Men are suffering more than women, blacks more than whites, and the young more than the old. Male black teenagers – who lose on all three counts – have unemployment rate above 40%, compared with 7.1% for the most favored group, adult white women… Education counts for a lot, too. For people with graduate degrees, unemployment is 4% or less, lower if the degree is in a subject that’s actually useful. For those with no more than a high-school degree, it’s 10% to 14%…

Trying to determine the impact of inflation on people at different income levels is a lot harder, and you might think workers with inflation-adjusted wages and benefits would be better shielded, than people with a lot of savings that would be devalued by inflation… However, as it turns out– the affluent can find ways to protect financial assets, and also more likely to have job skills that enable them to survive better in tough times.

Bottom-line: Although the national misery index is 8.24 now, your personal misery index could be much different– anywhere from 5 to 50…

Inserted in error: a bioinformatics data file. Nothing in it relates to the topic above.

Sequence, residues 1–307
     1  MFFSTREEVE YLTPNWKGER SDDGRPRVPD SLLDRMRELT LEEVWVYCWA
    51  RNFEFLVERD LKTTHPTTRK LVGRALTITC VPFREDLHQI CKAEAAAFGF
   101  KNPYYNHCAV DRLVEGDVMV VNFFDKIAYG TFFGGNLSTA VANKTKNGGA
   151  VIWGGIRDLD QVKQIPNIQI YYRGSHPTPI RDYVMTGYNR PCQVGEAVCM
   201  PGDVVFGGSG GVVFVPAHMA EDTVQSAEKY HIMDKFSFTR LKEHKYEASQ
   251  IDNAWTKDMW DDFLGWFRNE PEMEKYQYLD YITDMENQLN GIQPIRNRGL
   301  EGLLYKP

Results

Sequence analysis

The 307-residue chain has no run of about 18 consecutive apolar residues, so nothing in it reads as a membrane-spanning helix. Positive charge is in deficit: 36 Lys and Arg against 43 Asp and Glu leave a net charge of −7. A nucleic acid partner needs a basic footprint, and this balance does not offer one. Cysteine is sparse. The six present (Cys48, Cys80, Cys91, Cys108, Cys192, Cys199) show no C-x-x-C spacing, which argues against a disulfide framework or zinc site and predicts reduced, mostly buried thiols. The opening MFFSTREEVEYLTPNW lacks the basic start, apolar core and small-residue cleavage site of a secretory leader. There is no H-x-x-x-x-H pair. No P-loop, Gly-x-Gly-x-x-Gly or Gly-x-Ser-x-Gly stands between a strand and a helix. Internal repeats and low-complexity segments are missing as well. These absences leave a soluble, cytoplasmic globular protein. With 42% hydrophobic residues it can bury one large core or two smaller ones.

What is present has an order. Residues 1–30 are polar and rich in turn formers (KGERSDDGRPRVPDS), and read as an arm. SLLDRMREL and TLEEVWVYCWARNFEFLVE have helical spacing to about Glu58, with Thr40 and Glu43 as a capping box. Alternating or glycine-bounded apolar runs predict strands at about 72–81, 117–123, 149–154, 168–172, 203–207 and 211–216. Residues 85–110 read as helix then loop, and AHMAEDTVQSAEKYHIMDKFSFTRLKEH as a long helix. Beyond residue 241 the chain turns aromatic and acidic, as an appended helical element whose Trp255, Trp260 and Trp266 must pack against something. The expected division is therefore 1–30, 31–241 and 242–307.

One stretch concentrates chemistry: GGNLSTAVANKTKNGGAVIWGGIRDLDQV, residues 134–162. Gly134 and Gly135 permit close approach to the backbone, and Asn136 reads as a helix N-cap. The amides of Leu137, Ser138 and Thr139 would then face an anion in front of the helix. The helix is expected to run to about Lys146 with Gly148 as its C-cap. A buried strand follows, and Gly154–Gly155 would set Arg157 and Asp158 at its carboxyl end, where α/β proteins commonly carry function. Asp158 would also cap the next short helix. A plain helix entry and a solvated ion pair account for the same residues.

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Most Miserable Countries Index: According to Filippo Gaddo; the misery index in the ‘Organization for Economic Co-operation and Development’ (OECD) countries has significantly deteriorated… and European countries are primary culprit for the increase: Out of 34 OECD countries, 14 experienced an increase larger than 1 point, and 12 of them were European countries (i.e., Austria, Belgium, Czech Republic, Finland, Ireland, Italy, Luxembourg, Netherlands, Norway, Portugal, Slovenia, and Spain) plus Israel and Chile. The worst performers were Slovenia, Finland, Norway, Spain and Austria…